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Air Guns GuardTech Plus Universal gun cleaning kit: Part 1

GuardTech Plus Universal gun cleaning kit: Part 1

GuardTech Plus Universal gun cleaning kit.

This report covers:

  • The start
  • Cleaning kits?
  • Swedish kit
  • US Army cleaning kits
  • Dewey rods
  • |Impressed
  • What’s different?
  • The jags
  • Second opinion
  • Everything fits
  • The rods swivel
  • We don’t clean airguns
  • Firearms
  • Price?
  • Summary

Today we being to look at the GuardTech Plus Universal gun cleaning kit. Believe me, friends, this is a product you need to be aware of.

The start

I was contacted by Jim Toshack, the owner of GuardTech Plus, at the end of June. He asked me if I would care to review his cleaning kit. I responded by telling him that I don’t normally recommend cleaning airgun barrels, and I thought that would be the end of it. Let me share his reply.

I appreciate the insight – and I see you addressed this issue way back in 2005 with an entry on your site!

You’re the FIRST person I’ve communicated with, who has given me specific detailed info on airguns… I very much appreciate that…Lifelong learner, right?  Never can know everything and I’m a bit surprised that nobody has mentioned this in the past to anyone here… which now leads me to believe there’s a set of air gun owners happily cleaning away month after month…!

I think there may be something we can do…

First – as an air gun professional, if your recommendation to folks is ‘don’t clean unless necessary’….then I would LOVE to have GuardTech Plus in that spot that says “If you have to, then here’s a great kit from a great company…etc…”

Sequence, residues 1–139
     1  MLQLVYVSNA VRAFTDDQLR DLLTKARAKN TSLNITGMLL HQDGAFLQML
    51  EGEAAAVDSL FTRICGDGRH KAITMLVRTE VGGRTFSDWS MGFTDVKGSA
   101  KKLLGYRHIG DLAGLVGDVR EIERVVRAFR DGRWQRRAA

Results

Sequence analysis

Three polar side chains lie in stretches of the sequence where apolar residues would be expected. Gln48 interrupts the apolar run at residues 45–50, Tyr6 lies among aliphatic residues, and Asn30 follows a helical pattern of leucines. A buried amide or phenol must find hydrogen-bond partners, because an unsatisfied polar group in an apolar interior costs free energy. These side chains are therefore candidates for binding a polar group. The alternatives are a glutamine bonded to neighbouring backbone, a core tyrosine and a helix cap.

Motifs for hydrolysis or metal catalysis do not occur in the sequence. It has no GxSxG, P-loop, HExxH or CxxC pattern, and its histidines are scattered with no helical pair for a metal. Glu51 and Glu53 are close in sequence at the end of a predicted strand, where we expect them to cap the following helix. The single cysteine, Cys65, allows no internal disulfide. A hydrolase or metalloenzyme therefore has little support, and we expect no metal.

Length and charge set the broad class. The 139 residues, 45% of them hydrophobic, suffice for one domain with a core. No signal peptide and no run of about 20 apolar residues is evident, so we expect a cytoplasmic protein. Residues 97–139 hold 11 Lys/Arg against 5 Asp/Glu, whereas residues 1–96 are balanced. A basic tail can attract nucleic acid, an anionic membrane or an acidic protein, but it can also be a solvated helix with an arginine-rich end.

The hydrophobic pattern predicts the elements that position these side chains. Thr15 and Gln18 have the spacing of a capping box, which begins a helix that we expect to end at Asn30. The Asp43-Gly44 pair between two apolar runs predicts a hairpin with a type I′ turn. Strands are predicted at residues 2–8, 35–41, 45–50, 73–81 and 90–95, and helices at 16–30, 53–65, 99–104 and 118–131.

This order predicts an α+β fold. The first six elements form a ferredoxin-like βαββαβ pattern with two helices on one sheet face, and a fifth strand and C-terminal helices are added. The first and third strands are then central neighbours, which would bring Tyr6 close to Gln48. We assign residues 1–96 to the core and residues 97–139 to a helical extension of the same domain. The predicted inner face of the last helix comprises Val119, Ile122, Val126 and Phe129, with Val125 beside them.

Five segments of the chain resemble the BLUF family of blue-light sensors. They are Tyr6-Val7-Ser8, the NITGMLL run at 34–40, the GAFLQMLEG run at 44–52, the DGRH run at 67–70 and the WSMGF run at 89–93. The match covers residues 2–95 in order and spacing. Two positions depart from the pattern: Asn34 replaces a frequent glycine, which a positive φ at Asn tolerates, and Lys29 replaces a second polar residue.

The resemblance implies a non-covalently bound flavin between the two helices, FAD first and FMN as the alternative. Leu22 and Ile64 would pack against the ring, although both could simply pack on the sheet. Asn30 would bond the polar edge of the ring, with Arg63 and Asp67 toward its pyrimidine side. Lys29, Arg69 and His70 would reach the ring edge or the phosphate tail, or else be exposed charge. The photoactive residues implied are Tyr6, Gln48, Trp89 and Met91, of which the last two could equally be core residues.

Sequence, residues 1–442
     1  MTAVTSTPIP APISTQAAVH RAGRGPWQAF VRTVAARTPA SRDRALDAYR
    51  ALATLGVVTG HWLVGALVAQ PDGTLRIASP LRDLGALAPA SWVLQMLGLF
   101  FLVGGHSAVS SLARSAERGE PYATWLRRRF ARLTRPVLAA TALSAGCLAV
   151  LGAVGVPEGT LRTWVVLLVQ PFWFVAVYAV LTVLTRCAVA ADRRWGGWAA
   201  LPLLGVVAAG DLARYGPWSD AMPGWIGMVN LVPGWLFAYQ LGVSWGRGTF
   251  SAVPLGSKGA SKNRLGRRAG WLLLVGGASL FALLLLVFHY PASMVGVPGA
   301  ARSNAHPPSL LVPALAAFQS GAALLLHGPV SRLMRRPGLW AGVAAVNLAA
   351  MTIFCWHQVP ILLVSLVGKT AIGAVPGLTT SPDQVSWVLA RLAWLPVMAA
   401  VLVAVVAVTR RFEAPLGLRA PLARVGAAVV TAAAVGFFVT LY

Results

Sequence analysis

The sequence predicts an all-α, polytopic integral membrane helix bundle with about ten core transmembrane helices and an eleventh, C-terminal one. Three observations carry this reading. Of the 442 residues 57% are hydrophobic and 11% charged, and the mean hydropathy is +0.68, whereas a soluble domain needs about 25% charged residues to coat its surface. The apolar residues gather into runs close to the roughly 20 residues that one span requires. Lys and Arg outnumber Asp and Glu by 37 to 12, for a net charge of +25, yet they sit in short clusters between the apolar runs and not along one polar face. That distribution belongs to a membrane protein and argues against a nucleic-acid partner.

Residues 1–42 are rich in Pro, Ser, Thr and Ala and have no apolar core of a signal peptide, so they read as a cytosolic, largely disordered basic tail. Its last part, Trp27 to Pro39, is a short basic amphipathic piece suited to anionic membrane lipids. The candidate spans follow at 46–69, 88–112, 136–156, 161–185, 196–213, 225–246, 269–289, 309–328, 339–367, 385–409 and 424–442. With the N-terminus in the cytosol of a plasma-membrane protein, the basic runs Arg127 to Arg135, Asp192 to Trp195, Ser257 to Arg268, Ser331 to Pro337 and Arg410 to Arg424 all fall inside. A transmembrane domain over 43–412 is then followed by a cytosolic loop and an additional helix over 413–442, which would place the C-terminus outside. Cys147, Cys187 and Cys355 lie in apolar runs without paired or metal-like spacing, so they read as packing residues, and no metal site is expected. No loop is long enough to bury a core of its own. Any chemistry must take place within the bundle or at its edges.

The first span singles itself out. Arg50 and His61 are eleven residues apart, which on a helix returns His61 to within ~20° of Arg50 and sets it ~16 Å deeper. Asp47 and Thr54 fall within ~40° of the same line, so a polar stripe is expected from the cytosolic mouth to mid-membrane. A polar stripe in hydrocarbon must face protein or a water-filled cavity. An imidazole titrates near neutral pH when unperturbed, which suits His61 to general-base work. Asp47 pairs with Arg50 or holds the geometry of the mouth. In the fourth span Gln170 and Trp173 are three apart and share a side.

I would first want you to know (test/etc) our kit and get behind it before ever recommending it.

Second – do you think your reader base, if they own air guns, would possibly own firearms as well?  I ask because most of the folks I know use this for air guns, use this for their firearms as well.”

Okay, folks — first of all, he took the time and energy to read the blog! That’s impressive by itself. I hear from a lot of manufacturers who want to be reviewed on this blog, but most of them never take the time to find out what we’re all about. Jim did.  And second, this guy thinks like me! Not that those who don’t think the way I do are bad or anything — they’re just wrong!

Kidding aside, Jim Toshack is the sort of guy we like doing business with, because he thinks about what he’s doing. He thinks about his products. He thinks about the end user, which is you and me.

After some pondering I agreed to review his kit and he sent me one. I purposely did not open it until this morning, just to have a genuine first reaction to what I saw. And now, before we get to that reaction you need to know something about BB Pelletier and gun cleaning kits. I have been in the shooting sports for about 65 years, man and boy. In that time I have shot and cleaned many airguns and firearms. You know that very well because in the 4,800+ blogs I’ve written since 2005, I’ve talked about cleaning — a LOT!